Healthcare & Medical Sector in Japan

An Expert's View about Healthcare in Japan

Posted on: 4 Oct 2010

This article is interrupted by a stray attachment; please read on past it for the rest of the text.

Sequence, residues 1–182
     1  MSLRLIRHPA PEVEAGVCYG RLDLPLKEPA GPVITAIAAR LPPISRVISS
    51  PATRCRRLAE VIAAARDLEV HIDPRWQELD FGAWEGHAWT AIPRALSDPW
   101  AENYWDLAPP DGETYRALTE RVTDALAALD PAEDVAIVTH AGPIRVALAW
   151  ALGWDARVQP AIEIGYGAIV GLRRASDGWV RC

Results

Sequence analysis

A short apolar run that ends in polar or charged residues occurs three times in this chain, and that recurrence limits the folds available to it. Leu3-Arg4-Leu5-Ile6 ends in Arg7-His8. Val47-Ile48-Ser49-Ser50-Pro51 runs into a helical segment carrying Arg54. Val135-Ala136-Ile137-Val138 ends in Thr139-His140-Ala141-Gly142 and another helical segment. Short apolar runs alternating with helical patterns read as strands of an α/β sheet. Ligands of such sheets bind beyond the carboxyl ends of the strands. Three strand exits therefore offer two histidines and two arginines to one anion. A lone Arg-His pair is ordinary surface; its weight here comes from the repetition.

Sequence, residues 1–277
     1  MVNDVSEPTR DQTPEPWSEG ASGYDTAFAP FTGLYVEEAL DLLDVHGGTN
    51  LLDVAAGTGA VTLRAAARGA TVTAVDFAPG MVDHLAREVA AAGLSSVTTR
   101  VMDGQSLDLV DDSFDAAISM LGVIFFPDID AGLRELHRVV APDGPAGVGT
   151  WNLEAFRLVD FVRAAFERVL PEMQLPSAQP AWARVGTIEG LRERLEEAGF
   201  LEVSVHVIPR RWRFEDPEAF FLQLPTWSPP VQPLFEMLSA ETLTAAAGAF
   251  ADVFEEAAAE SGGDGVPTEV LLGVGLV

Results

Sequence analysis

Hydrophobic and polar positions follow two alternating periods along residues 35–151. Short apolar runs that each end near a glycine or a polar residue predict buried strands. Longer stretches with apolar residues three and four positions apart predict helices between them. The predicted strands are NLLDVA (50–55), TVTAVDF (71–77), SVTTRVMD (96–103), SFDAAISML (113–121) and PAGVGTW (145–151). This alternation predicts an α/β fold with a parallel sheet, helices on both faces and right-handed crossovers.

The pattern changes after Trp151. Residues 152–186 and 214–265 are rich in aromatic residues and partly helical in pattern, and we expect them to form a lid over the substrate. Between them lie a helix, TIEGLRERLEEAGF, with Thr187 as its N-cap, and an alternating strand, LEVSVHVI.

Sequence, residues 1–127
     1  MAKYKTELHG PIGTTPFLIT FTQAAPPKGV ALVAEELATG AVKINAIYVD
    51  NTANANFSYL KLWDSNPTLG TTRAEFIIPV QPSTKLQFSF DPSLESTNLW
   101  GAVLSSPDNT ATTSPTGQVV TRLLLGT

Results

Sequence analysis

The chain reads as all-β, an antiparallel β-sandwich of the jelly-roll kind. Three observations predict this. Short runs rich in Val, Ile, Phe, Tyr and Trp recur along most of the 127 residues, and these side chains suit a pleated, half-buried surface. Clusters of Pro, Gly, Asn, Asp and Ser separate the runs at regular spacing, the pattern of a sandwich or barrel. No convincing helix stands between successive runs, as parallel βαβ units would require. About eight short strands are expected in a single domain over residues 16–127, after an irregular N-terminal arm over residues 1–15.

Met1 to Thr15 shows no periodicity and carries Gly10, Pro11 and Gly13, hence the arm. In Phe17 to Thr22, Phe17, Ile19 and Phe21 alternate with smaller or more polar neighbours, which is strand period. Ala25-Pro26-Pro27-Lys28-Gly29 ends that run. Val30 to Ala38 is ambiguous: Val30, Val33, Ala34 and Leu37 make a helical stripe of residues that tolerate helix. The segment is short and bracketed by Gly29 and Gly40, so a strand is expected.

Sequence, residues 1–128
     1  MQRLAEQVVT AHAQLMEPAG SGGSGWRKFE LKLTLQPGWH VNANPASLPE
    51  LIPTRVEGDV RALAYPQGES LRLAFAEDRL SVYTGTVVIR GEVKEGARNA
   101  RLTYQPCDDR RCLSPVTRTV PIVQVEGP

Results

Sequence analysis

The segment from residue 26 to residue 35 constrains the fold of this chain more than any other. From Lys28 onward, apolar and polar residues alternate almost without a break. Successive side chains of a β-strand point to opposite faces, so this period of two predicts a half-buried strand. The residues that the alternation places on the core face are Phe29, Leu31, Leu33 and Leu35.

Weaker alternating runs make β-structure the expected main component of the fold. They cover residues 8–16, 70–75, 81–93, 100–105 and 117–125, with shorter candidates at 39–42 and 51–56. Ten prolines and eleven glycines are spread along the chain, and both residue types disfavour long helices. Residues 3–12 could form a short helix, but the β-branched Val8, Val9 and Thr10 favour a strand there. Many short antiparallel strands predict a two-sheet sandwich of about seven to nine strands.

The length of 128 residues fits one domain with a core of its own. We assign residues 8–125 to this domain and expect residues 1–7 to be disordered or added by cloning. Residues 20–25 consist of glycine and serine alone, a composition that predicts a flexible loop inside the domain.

Japan has the second largest healthcare market in the world after the United States. As the ageing population increases, so too does the demand for healthcare.